I also believe that modern cut-overs, or clear-cuts as some call them, do not produce wildlife habitat like they did 40 or 50 years ago. Many attribute this to the intense herbicide treatments required for production forestry in many cases. I agree that this is part of, but not the only reason. I also want to state what I am saying is not criticism of the forest products industry or forestry in general. Modern timber management relies on more efficient harvesting methods and equipment, and more on herbicides and less on mechanical disturbance and fire for site preparation. This has pros and cons from a wildlife standpoint. There is no argument that modern forestry makes much more efficient use of the wood harvested. Which means that there is less debris left over on cut-over sites, and mechanical windrowing and site preparation burning is a thing of the past. Those old unsightly windrows made some excellent hedgerows for quail and that mechanical soil disturbance scarified seeds and produced ragweed, partridge pea and poke weed in abundance. But it also contributed to soil erosion and reduced water quality. So gains made on those fronts offset the losses in other areas. Regardless of whether we all agree that cut-overs are better or worse for wildlife these days, that is not what I’ve set out to address. I’d rather focus on the things that landowners can choose to do to give their modern cut-overs a boost from a wildlife standpoint.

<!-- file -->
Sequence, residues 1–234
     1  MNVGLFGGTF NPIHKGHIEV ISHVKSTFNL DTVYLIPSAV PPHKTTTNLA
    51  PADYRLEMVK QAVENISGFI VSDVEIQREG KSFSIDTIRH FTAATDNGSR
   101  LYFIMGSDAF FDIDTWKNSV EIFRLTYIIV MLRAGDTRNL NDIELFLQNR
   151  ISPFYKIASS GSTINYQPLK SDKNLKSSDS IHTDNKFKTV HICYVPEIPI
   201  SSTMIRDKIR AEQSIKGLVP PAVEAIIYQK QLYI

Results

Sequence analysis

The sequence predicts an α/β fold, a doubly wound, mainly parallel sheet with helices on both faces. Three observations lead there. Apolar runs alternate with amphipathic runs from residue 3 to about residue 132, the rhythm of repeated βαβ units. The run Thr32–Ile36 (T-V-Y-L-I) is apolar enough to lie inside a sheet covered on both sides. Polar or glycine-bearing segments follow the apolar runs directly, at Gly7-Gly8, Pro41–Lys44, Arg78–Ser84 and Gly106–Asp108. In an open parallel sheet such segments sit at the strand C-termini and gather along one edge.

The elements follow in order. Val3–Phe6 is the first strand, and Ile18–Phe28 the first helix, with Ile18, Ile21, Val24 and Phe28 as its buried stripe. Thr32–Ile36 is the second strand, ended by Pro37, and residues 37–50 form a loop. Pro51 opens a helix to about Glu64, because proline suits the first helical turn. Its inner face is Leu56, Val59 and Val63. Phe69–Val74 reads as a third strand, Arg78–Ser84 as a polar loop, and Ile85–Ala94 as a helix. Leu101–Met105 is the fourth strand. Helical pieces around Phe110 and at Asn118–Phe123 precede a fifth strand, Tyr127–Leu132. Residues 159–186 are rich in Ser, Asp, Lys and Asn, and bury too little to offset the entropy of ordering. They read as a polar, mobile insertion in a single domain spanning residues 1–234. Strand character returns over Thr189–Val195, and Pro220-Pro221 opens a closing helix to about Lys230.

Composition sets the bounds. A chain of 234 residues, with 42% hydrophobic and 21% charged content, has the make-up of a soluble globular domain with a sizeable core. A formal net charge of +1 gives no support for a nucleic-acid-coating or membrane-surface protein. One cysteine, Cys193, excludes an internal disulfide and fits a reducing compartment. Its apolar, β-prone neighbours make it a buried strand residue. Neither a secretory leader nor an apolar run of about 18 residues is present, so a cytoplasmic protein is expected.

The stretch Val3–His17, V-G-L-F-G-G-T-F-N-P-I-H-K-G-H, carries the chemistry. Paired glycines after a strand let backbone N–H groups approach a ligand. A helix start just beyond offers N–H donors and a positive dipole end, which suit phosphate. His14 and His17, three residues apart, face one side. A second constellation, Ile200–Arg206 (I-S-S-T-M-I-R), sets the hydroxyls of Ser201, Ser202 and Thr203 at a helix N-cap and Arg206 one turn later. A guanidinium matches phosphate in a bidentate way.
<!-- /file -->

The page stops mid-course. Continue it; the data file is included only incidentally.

First – assume it is a given that herbicides are going to be used in the reforestation of a clear-cut…at least east of the Blue Ridge. Clearcuts in the mountains may still be allowed to regenerate naturally. What can be done prior to any herbicide work, or after it, is the widening of logging roads and the expansion of logging decks to create wildlife corridors and clearings. You might even be able to work with your logger to gain some help. They often have a dozer on site and may be willing to do some of this work for you as a side job.